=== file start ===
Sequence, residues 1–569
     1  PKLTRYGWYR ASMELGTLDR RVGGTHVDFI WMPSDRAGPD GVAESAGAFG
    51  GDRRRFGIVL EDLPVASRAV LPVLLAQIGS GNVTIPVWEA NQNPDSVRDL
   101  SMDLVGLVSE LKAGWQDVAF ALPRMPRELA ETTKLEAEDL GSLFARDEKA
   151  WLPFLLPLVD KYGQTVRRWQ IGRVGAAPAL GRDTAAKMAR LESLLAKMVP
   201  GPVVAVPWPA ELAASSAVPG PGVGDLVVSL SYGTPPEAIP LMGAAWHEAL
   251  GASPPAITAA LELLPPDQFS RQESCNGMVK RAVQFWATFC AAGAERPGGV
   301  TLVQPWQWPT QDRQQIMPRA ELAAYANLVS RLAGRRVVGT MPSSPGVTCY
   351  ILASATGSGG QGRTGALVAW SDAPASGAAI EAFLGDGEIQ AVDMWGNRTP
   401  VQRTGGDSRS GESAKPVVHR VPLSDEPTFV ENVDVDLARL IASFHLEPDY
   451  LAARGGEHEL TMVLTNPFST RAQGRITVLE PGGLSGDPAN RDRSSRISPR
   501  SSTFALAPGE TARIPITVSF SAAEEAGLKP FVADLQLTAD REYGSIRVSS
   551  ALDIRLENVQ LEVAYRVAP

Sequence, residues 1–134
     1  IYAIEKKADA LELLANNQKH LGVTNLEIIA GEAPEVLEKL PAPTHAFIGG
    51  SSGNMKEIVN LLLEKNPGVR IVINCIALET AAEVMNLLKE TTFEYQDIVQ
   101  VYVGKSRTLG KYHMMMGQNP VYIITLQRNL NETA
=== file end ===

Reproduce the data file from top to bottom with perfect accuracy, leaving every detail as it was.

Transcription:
Sequence, residues 1–569
     1  PKLTRYGWYR ASMELGTLDR RVGGTHVDFI WMPSDRAGPD GVAESAGAFG
    51  GDRRRFGIVL EDLPVASRAV LPVLLAQIGS GNVTIPVWEA NQNPDSVRDL
   101  SMDLVGLVSE LKAGWQDVAF ALPRMPRELA ETTKLEAEDL GSLFARDEKA
   151  WLPFLLPLVD KYGQTVRRWQ IGRVGAAPAL GRDTAAKMAR LESLLAKMVP
   201  GPVVAVPWPA ELAASSAVPG PGVGDLVVSL SYGTPPEAIP LMGAAWHEAL
   251  GASPPAITAA LELLPPDQFS RQESCNGMVK RAVQFWATFC AAGAERPGGV
   301  TLVQPWQWPT QDRQQIMPRA ELAAYANLVS RLAGRRVVGT MPSSPGVTCY
   351  ILASATGSGG QGRTGALVAW SDAPASGAAI EAFLGDGEIQ AVDMWGNRTP
   401  VQRTGGDSRS GESAKPVVHR VPLSDEPTFV ENVDVDLARL IASFHLEPDY
   451  LAARGGEHEL TMVLTNPFST RAQGRITVLE PGGLSGDPAN RDRSSRISPR
   501  SSTFALAPGE TARIPITVSF SAAEEAGLKP FVADLQLTAD REYGSIRVSS
   551  ALDIRLENVQ LEVAYRVAP

Sequence, residues 1–134
     1  IYAIEKKADA LELLANNQKH LGVTNLEIIA GEAPEVLEKL PAPTHAFIGG
    51  SSGNMKEIVN LLLEKNPGVR IVINCIALET AAEVMNLLKE TTFEYQDIVQ
   101  VYVGKSRTLG KYHMMMGQNP VYIITLQRNL NETA